US20050230860A1 (en) Process for the preparation of a cellulose solution for spinning of fibres, filaments or films therefrom
EP0789790B1 (en) Regenerated cellulose moulding and process for producing it
DD142898A5 (en) A shaped cellulosic articles prepared from a cellulose-containing solution
WO1998012369A1 (en) Chitosan-containing acrylic fibers and process for preparing the same
US8962821B2 (en) Method for preparing regenerated cellulose fiber by two-step coagulating bath process
DE3690798C2 (en) Edible mass and processes for their preparation
CN102597343A (en) Iodegradable fibre and its process of manufacture
AT505905B1 (en) Cellulose powder and process for its manufacture
CN101029420A (en) Bamboo-carbon viscose fibre and its production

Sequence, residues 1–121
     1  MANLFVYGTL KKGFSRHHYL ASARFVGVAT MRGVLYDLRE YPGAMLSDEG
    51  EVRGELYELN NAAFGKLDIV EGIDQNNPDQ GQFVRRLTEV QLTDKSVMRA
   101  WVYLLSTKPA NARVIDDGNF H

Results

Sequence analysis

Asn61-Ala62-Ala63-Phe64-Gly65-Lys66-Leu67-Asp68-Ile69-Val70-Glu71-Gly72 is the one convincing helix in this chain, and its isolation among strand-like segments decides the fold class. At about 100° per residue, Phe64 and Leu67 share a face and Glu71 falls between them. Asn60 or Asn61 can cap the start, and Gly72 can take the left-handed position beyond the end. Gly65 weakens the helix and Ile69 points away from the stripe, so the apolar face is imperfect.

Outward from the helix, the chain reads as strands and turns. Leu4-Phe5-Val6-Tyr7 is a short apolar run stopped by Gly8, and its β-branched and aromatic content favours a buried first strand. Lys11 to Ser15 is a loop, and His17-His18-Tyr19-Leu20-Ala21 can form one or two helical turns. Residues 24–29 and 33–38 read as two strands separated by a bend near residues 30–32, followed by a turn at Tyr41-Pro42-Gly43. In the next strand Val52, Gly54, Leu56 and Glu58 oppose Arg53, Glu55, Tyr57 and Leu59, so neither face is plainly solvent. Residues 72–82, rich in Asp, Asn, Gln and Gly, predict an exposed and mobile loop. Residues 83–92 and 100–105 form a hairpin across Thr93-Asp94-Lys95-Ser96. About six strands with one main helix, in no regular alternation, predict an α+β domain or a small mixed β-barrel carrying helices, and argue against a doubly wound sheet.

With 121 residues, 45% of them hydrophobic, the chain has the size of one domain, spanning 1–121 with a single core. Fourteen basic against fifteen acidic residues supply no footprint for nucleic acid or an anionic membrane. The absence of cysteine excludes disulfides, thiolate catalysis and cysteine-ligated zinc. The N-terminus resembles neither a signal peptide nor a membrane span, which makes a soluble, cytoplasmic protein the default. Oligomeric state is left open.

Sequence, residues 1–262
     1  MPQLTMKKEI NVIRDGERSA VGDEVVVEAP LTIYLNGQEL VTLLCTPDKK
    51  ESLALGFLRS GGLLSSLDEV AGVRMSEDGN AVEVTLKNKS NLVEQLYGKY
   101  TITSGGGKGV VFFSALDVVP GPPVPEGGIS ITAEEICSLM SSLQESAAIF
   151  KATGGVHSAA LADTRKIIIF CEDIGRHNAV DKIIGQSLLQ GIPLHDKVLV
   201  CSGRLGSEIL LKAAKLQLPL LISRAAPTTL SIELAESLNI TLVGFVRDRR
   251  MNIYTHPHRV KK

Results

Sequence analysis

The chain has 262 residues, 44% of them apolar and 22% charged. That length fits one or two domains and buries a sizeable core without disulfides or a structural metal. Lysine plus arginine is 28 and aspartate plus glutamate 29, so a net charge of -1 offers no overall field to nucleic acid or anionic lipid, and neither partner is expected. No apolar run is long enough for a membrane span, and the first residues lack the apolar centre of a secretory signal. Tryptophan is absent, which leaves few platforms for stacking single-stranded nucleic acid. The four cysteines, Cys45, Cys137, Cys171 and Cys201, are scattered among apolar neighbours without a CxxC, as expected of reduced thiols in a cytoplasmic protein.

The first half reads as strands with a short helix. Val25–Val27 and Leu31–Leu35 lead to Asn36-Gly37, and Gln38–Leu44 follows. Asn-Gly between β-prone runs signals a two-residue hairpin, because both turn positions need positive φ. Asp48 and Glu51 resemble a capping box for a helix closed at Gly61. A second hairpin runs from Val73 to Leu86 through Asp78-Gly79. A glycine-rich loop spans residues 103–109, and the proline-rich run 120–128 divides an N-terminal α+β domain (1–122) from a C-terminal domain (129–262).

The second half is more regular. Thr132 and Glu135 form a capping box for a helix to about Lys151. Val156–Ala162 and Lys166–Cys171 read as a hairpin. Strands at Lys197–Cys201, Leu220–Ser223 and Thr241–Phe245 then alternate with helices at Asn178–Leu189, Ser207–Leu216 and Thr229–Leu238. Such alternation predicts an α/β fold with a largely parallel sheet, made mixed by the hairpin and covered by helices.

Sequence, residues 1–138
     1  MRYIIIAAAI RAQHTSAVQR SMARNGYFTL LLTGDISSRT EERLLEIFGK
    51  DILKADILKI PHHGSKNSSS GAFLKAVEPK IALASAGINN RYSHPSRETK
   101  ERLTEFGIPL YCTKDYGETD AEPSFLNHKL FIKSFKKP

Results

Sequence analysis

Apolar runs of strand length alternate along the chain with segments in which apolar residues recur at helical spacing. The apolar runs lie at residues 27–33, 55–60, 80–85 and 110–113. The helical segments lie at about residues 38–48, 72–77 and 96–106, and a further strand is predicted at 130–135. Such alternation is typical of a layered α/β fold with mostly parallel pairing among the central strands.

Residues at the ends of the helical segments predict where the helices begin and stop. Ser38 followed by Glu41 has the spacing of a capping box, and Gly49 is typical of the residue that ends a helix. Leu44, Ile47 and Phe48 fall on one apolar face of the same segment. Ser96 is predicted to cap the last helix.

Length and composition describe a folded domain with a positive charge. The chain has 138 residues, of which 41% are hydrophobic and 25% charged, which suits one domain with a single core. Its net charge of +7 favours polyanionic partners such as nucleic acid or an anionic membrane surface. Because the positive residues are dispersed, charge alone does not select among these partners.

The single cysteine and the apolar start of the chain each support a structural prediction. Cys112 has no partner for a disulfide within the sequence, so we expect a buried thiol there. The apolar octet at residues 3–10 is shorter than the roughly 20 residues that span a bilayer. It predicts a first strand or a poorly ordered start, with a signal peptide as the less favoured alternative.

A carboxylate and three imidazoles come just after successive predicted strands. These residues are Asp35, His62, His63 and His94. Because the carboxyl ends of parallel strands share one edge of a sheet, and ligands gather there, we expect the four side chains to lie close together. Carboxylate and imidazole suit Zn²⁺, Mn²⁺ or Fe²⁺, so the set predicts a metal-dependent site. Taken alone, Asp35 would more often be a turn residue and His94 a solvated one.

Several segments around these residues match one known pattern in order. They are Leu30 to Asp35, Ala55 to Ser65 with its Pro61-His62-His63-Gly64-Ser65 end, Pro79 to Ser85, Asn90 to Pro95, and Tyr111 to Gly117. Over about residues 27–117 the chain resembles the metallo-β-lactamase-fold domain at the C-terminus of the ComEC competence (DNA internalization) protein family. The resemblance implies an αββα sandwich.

EP1679394A1 (en) Fiber yarn and fabric using the same
Lee et al. Fiber formation and physical properties of chitosan fiber crosslinked by epichlorohydrin in a wet spinning system: the effect of the concentration of the crosslinking agent epichlorohydrin
KR100611890B1 (en) A process for preparing a highly homogeneous cellulose solution
US6427933B1 (en) Method for manufacturing crystalline superfine silk powder

Legal Events

Date Code Title Description
AS Assignment

Owner name: ZIMMER AG, GERMANY

Free format text: ASSIGNMENT OF ASSIGNORS INTEREST;ASSIGNORS:ZIKELI, STEFAN;ENDL, THOMAS;MARTL, MICHAEL GERT;REEL/FRAME:013519/0037;SIGNING DATES FROM 20021030 TO 20021106

STCB Information on status: application discontinuation

Free format text: ABANDONED -- FAILURE TO RESPOND TO AN OFFICE ACTION